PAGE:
The first edition of Conditions of Contract for Underground Works ("FIDIC Emerald Book") published by the International Federation of Consulting Engineers ("FIDIC") in 2019 has introduced several concepts targeting the risks specific to contracting tunnelling and underground construction works.
Risk allocation is one of the prime features of all FIDIC Conditions of Contract, meaning that depending on the selected book, allocation as per the general conditions of the contract is done adequately to reflect the division of rights, responsibilities and, consequently, the liabilities between the parties. The FIDIC Emerald Book is expected to facilitate the construction of infrastructure and energy projects with underground elements, by setting the allocation of risks of underground conditions as clearly as possible. However, due to the lack of well-established practices or explanatory guidelines, disputes over the interpretation of the new contractual clauses may arise. An in-debt analysis of the dispute avoidance and resolution mechanisms in the FIDIC Emerald Book might be crucial for successful project implementation.
Classical dispute avoidance and resolution mechanisms
The typical FIDIC dispute avoidance and resolution mechanisms include the procedure in front of the engineer, followed by a procedure before Dispute Avoidance and Adjudication Boards ("DAABs"), and finally the arbitration proceedings conducted according to the Rules of Arbitration of the International Chamber of Commerce (except when otherwise agreed between the parties). DAABs are favoured, among other things, for the higher level of impartiality they offer compared to the procedure in front of the engineer, but also for being more cost and time effective compared to arbitration procedures.
The 2017 edition of FIDIC contracts has shown a strong preference towards standing (permanent) DAABs, which are appointed for the entire term of the project, over the ad hoc DAABs appointed for a single dispute. The same preference may be found in Sub-Clause 21.1 [Constitution of the DAAB] of the General Conditions of the FIDIC Emerald Book, which follows the rules set under the 2017 edition of the FIDIC Conditions of Contract for Plant & Design Build (FIDIC Yellow Book), and provides that the parties will jointly appoint the member(s) of the DAAB within the time stated in the contract data (if not stated, 28 days) after the date the contractor receives the letter of acceptance.
Due to the specific nature of works targeted by the FIDIC Emerald Book, however, parties are advised to pay special attention when drafting the DAAB Agreement (signed between the parties and the DAAB members) and when formulating the conditions referring to the DAAB. Firstly, finding the appropriate and available DAAB members, experienced in tunnelling and underground construction works, may prove challenging. In addition, it is vital to ensure that the DAAB members continuously monitor the contract implementation, and that they are available in real time to provide their expertise and advice to the parties in avoiding disputes and for enabling quick decision-making.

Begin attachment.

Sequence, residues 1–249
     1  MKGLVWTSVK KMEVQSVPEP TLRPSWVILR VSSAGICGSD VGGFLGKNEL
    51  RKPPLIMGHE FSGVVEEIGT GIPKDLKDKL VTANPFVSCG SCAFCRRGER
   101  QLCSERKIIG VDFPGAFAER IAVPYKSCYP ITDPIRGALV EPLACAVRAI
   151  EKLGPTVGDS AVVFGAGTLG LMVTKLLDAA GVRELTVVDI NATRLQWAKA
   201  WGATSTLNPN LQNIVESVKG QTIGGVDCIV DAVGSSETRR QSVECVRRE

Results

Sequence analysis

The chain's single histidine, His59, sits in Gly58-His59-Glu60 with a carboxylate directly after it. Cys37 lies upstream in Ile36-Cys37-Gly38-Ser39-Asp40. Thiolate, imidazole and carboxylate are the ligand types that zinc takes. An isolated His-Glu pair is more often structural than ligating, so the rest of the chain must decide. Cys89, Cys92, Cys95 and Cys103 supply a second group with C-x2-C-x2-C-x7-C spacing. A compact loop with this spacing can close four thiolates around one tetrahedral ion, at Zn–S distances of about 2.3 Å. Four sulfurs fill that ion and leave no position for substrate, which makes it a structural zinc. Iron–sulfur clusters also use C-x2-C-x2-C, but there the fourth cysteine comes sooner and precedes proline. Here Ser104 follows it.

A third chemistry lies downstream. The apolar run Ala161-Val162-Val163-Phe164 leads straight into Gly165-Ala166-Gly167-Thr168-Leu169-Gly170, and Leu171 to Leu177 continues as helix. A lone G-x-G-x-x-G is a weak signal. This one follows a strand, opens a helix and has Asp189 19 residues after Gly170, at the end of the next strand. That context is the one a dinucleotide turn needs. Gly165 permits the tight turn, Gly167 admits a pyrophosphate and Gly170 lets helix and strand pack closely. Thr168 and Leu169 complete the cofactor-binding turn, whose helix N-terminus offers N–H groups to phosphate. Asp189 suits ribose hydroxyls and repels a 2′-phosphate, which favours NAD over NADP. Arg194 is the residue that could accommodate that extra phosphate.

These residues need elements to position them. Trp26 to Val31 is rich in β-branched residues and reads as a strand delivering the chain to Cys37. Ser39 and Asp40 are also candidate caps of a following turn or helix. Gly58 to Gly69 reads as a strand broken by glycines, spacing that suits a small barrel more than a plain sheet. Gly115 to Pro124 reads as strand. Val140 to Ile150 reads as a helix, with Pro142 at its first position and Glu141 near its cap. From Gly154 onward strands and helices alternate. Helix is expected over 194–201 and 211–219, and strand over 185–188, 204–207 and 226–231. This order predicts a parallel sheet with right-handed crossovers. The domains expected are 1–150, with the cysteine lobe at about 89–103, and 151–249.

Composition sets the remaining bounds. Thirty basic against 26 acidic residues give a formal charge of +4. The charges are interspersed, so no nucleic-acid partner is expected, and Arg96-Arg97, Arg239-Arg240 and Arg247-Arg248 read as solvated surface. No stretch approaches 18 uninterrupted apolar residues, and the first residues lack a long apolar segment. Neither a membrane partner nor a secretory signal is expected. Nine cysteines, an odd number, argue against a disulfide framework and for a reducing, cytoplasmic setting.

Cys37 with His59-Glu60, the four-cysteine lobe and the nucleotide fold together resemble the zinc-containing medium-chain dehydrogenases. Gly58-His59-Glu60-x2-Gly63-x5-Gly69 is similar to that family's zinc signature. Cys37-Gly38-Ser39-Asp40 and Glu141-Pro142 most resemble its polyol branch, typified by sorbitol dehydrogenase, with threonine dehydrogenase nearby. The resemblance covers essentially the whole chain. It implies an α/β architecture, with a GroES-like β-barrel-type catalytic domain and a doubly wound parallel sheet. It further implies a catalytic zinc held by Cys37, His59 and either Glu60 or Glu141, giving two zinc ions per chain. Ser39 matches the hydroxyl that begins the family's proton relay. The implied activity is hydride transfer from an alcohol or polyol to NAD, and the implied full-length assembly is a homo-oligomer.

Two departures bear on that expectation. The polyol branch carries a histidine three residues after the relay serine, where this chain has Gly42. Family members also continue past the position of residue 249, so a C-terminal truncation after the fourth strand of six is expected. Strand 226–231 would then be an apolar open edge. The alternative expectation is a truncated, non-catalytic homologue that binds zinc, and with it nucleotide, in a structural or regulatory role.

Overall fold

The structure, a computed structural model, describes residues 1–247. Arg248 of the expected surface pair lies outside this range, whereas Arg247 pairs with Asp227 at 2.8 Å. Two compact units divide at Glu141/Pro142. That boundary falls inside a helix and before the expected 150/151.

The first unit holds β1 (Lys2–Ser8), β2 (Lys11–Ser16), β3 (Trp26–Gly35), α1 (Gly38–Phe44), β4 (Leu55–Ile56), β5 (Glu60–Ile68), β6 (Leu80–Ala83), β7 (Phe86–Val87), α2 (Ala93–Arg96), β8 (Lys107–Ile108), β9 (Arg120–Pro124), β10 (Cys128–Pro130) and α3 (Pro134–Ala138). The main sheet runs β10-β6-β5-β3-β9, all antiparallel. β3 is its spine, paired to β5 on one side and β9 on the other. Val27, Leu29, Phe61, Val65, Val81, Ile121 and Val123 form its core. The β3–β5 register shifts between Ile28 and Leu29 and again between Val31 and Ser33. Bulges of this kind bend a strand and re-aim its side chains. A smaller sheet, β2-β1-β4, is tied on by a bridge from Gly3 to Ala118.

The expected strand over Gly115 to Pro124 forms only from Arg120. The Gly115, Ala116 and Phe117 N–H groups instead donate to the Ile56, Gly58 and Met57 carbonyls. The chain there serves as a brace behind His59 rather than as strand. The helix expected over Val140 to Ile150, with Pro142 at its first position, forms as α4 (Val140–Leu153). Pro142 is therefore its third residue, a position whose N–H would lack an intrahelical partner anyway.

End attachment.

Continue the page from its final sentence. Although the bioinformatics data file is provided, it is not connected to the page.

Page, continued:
Alternative dispute resolution procedures
Reliance on some elements of online dispute resolution procedures ("ODR") could target some of those issues. ODR refers to a wide range of alternative dispute resolution processes that use the internet and other technologies to facilitate the virtual resolution of disputes between parties to a contract. By relying on more ODR elements in the DAAB procedure, the parties to a FIDIC Emerald contract may benefit from the informality and flexibility inherent in ODR in obtaining prompt and high-level advice from renowned experts. In addition, the parties may agree that all sorts of key notices and documents (such as a Contract Risk Register and a Contract Risk Management Plan, which are meant to quickly identify and address the changing conditions on the ground and associated risks) will be electronically delivered to DAAB members at the same time as to the other parties, and thus ensure the DAAB's full acquaintance with all project peculiarities. In addition, DAABs with more ODR elements may also prove to be more cost-effective, and thus contribute to overcoming one of the obstacles that often ends up preventing the parties from opting for a standing DAAB.
By switching from the acronym DAB (dispute adjudication board) used in FIDIC 1999 editions to DAAB (dispute avoidance and adjudication board) in FIDIC 2017 editions, the FIDIC has committed to transforming the DAAB from a mere forum for the settlement of already existing disputes, to an ongoing discussion panel for directing and assisting the parties in avoiding their disputes. The incorporation of more ODR elements in DAAB contractual procedures may further direct the parties towards the attainment of that goal. Nevertheless, until the creation of a specific, construction-sector-oriented ODR platform on which all interested parties can interact, participate in online meetings and file written submissions electronically, the parties are still encouraged to create their own ODR rules and to incorporate them into the respective DAAB procedures.